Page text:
When the invasions began, there was some thrill of the chase reminiscent of the Scarlet invasions. There is something enjoyable about racing across a map toward an enemy, rushing into battle with your fellow players, defeating the enemy and then speeding toward the next fight. The battles themselves were one of three types: catapult-centric, poison fields and bombs, or shield blooms, with the shield blooms generally being the fastest type for me to complete. As my aim is less than perfect, I often avoided using the catapults or throwing bombs in the other two types of battles. Instead, I focused on killing Mordrem as they spawned and applying stacks of might during the shield bloom battles.
For the first two nights, I felt there was a high degree of cooperation and solidarity amongst the players. Sadly, by the third day, with time running out and mathematics working against me, I noticed a subtle change in my play style. I was becoming frustrated by catapult events, which felt like they took the longest. In fact, as the day wore on, I began avoiding them completely. I also sought areas where two events spawned close to each other so I could run back and forth between them killing Mordrem in each event. When both events ended, I earned two participation stacks without waypointing or running very far. In the waning hours of the invasion, however, at times I found myself in events that had been abandoned with no hope of them being successfully finished, since players decided the event was taking too long. Of course, it was necessary for me to also abandon these battles, regardless of how many Mordrem I had killed and the level of contribution I had made. This should not be read as a condemnation of those players who left the battle, time and mathematics were working against them too. In a way, we were all fighting the same uphill battle.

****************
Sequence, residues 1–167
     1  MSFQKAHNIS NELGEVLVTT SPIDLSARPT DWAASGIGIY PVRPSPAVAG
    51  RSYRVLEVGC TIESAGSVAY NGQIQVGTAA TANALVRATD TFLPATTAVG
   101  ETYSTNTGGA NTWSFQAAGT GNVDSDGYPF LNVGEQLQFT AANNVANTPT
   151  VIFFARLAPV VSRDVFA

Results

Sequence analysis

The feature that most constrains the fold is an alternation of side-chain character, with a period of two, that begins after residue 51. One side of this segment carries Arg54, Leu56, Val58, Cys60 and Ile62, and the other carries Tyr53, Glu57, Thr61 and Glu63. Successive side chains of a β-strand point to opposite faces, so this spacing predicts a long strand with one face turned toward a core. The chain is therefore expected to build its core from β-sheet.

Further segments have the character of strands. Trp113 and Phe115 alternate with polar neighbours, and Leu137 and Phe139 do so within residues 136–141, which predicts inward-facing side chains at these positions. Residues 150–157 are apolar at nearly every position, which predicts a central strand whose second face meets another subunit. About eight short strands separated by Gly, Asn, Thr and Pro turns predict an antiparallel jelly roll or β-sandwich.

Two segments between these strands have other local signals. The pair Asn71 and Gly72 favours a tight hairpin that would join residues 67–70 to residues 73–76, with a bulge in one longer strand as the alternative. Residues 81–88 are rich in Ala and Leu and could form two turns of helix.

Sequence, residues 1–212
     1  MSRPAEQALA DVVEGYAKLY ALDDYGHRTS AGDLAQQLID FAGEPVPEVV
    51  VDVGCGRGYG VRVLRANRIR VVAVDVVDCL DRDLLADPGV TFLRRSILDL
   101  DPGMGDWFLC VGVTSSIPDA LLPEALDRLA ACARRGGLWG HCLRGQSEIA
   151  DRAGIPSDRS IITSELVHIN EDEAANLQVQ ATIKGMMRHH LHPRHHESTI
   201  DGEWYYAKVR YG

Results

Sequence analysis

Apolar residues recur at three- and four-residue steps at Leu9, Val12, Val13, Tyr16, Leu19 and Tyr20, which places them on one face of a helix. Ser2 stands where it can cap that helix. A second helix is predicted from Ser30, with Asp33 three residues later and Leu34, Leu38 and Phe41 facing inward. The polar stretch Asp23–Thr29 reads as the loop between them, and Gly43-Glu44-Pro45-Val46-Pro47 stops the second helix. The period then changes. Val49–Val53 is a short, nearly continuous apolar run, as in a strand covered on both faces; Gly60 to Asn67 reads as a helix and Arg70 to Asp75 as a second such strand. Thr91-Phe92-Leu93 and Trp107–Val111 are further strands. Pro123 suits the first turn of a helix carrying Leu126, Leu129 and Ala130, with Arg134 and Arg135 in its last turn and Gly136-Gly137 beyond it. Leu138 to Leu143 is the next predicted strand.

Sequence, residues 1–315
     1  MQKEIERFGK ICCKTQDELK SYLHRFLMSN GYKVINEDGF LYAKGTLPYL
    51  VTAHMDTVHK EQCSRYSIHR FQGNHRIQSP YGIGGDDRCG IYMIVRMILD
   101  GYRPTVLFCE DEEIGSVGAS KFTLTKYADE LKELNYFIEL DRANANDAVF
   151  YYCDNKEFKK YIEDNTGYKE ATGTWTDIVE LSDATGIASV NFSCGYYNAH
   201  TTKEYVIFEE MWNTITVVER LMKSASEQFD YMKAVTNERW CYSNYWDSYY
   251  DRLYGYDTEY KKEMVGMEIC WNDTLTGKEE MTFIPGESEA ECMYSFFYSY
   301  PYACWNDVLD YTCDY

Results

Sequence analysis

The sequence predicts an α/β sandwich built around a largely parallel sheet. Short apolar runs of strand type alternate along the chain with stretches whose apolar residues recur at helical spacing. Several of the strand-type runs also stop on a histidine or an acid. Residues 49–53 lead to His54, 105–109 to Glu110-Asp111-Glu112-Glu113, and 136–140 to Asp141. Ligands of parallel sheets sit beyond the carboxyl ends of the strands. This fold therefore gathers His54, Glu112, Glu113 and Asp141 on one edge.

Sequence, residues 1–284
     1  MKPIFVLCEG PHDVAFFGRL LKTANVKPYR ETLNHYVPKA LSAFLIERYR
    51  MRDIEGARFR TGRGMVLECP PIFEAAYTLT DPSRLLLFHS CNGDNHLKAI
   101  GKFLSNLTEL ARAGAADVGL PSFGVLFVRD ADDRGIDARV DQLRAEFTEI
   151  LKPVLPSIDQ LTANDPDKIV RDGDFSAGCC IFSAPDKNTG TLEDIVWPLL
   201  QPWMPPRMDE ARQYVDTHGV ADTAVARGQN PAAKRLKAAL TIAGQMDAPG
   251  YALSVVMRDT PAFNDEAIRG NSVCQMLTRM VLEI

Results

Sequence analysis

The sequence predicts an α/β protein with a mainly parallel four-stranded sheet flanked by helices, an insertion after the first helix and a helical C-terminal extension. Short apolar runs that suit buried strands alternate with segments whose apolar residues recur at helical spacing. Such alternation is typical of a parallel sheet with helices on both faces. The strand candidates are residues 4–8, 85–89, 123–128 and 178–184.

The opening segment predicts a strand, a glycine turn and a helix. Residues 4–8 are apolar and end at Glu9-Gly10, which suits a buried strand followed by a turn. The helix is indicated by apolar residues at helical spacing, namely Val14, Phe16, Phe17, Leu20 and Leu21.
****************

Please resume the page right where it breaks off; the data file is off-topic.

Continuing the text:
As my normal modus operandi when playing is to run in circles and kill things, the invasions themselves were not overly taxing and I enjoyed the mindless slaughter. Players who prefer more tactical gameplay may have found them overly simplistic. It is safe to say that my frustrations all stemmed from the mechanics used to dish out reward blooms. It would have been nice to earn one bloom for every Mordrem killed, with bonus flowers rewarded for completing events and maps. It would have been interesting if the invasions changed with the day and night cycle, as they do in Verdant Brink, or if the invasion was affected more by the environment. For example, huge vines could have snaked through dredge and skritt tunnels, since it’s obvious that Mordremoth is invading from underground.
As the invasions came to a close, I am happy to report that I succeeded in gathering enough blooms for the Scarlet trio and the Watchwork Moa. However, even though I consider the weekend’s battles successful because I collected enough blooms for the prizes I wanted, I think the community’s reaction to it shows that it was not well-received. I remain hopeful that the real war with Mordremoth will be as fun as the night cycle events in Verdant Brink and as complex as those found in the first Living World season.